Former Nelson Mandela Bay ANC councillor Andile Lungisa says that on Monday he was summoned and interrogated by police intelligence and the Hawks from the “national office” for his alleged role in the recent civil unrest.
“The government has decided to recklessly characterise the protests that turned violent against the unjust arrest of [former] president Jacob Zuma [as having] been an attempted coup,” Lungisa said in a statement.
He said the initial prognosis of the unrest by the government was that of “ethnic mobilisation”.
They were forced to abandon that careless and divisive characterisation by the events and backlash from wider society. Coup attempts appear to be where [government is] prepared to sacrifice what’s left of its credibility,” he said.
He said that during the interrogation he was accused of having assembled an arsenal for the purpose of overthrowing the state and
“this is of course an outright lie.”
“Not only is this allegation baseless, but I have also never handled a weapon in my life. The next charge was that I broke Covid-19 regulations that are routinely broken by millions of people in the country and the offending parties are usually penalised with a fine if the police pursue them. The last charge was that I opposed Zuma’s arrest. On the last charge, I am in good company with the minority judgment of the Constitutional Court,” Lungisa said.
He said he offered the interrogating officers his phone to download whatever information could assist them in their investigation, but “they declined. I had done so with a clean conscience knowing that I was not party to any coup attempt. I was supportive of the protests against the unjust arrest of Zuma, but I never advocated any violence.”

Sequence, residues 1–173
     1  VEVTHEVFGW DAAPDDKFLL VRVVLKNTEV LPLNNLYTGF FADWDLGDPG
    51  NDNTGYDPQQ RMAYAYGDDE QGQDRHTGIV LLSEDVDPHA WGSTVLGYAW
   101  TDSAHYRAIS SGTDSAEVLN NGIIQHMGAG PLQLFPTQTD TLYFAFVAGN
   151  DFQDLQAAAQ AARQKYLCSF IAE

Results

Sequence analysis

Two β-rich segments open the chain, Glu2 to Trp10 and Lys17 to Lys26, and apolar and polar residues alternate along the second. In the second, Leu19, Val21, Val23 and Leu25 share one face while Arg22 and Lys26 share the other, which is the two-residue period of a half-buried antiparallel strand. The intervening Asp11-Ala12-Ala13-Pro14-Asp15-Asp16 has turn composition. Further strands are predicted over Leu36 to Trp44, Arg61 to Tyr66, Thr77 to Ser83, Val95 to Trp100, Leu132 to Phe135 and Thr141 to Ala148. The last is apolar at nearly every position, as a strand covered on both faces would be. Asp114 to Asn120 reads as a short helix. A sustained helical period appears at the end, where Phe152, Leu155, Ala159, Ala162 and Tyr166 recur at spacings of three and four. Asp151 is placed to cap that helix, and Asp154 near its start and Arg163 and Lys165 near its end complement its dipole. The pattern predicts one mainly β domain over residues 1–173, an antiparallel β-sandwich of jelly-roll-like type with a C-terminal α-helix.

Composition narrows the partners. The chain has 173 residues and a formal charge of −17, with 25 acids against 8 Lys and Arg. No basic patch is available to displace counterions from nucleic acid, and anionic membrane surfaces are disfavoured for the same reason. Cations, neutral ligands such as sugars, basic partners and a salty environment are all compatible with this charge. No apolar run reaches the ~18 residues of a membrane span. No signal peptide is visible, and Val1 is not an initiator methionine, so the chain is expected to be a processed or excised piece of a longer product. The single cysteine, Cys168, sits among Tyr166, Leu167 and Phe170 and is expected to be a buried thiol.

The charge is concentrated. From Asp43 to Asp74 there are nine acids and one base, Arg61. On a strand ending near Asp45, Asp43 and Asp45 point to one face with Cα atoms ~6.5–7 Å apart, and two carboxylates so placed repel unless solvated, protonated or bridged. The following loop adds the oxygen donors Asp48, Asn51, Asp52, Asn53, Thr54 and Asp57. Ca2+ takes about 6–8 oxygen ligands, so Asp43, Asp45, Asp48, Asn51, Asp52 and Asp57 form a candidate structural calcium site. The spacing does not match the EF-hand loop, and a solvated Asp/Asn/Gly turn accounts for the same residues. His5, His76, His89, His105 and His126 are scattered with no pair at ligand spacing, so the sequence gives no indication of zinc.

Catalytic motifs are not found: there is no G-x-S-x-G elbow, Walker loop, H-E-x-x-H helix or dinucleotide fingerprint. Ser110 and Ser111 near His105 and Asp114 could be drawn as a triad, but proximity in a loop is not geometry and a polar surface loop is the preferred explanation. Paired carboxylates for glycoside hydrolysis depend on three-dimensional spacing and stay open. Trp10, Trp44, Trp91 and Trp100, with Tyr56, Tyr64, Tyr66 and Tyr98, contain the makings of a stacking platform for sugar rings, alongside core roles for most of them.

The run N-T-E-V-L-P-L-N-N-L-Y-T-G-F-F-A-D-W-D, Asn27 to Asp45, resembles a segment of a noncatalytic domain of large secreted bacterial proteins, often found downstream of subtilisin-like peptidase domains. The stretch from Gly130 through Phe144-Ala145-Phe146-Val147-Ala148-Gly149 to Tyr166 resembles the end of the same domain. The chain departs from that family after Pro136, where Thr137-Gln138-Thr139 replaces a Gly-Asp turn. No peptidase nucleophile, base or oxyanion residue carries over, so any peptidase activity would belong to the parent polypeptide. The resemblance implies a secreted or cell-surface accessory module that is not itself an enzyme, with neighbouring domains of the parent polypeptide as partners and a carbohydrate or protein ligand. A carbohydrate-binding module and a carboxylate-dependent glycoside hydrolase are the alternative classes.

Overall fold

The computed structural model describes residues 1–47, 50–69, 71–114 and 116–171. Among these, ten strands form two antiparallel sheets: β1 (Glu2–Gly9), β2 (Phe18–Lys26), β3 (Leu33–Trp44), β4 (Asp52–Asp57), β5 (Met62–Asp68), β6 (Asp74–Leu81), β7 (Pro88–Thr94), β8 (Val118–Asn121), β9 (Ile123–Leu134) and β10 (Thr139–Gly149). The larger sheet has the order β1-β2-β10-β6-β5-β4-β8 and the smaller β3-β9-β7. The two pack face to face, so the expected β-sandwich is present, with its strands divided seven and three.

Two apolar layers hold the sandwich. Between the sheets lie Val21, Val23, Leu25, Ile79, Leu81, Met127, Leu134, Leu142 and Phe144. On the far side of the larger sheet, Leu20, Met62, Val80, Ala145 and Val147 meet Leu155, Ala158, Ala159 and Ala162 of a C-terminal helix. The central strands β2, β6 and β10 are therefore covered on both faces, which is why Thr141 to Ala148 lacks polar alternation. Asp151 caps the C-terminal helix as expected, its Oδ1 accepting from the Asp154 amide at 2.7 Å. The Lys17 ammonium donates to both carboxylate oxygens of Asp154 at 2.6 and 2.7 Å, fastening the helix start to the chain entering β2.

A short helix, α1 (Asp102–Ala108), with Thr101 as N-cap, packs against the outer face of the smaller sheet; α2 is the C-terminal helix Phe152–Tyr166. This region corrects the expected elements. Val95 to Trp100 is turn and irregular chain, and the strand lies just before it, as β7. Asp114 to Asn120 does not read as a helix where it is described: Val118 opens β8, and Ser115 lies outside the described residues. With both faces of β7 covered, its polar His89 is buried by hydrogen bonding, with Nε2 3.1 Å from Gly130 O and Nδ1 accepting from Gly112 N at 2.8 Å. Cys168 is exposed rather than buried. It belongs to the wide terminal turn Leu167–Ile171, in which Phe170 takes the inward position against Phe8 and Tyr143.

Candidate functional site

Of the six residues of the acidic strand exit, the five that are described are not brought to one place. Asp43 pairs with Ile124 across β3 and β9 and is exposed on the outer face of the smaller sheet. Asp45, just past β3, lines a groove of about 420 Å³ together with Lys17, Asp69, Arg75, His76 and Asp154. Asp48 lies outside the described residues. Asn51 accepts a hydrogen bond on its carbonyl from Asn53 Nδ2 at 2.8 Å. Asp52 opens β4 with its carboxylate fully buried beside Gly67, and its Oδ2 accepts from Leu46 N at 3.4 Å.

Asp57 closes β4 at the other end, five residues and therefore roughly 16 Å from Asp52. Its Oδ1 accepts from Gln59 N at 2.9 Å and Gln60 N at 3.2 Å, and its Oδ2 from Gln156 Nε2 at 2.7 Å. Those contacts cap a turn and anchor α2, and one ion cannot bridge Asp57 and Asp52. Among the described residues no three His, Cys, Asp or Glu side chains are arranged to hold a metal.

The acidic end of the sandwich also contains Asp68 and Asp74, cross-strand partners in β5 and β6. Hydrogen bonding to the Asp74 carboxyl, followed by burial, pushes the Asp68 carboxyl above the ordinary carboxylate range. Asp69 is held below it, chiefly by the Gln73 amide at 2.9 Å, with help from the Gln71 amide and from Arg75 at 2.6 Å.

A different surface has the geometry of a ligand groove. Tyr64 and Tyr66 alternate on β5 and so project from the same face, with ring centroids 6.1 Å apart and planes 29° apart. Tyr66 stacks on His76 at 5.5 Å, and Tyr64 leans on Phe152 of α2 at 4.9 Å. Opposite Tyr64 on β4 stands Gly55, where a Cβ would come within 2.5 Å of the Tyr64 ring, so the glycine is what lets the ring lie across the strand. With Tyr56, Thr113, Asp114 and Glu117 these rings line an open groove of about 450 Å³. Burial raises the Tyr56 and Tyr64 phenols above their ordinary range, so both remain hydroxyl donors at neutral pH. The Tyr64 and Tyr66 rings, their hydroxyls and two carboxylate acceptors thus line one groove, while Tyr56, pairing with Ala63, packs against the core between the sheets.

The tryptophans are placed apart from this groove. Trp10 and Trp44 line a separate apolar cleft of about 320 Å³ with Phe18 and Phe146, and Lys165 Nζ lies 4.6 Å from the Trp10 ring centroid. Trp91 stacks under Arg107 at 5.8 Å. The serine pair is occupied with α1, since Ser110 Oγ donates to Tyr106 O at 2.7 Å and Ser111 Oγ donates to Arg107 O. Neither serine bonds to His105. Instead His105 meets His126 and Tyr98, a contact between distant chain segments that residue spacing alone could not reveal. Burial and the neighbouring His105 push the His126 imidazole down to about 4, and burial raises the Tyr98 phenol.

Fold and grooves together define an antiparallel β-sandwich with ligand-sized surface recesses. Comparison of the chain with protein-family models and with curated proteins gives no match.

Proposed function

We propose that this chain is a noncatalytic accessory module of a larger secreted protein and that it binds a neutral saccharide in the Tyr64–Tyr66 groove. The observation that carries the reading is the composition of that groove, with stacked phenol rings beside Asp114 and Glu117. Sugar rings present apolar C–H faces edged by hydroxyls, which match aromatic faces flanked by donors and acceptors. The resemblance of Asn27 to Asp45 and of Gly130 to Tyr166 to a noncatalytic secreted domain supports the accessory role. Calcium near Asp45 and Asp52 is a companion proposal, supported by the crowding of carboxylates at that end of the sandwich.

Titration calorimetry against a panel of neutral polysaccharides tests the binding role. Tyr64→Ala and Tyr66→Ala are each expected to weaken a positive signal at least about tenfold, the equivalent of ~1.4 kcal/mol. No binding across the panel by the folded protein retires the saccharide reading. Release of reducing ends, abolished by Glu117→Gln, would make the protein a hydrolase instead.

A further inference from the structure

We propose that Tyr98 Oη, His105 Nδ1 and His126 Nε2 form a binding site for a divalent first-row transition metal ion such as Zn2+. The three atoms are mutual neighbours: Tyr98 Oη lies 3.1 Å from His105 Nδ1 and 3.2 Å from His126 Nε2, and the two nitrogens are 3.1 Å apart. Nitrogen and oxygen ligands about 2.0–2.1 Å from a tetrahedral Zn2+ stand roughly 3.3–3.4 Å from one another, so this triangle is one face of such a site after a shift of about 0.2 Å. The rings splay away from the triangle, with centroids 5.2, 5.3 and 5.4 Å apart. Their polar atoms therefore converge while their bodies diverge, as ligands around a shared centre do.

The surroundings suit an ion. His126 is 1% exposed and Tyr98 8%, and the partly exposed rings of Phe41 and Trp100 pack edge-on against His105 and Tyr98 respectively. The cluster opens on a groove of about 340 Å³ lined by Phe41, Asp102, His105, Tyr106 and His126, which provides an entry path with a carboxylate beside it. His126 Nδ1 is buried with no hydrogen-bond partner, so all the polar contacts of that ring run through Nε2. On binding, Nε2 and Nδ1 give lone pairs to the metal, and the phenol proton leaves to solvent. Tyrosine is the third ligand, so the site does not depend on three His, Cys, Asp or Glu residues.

He said he was subsequently told to go to the police station on Tuesday, when he would be given a official charge sheet.
I have just returned from the police station and I have only been charged with contravention of Covid-19 regulations. As I was leaving the police last night, one of the interrogators told me that the professionals in the security service also did not believe in what he called the ‘stupid coup story’, but were under political pressure from their seniors to make arrests on that charge.
“I will continue to fight against this attempted intimidation and criminalisation of political dissent. I will sue the state if they harm my reputation by painting me as a coup plotter. It would have been interesting for the state to make the charge of insurrection because it would have given me an opportunity to cross-examine the politicians who have caused all this anarchy,” Lungisa said.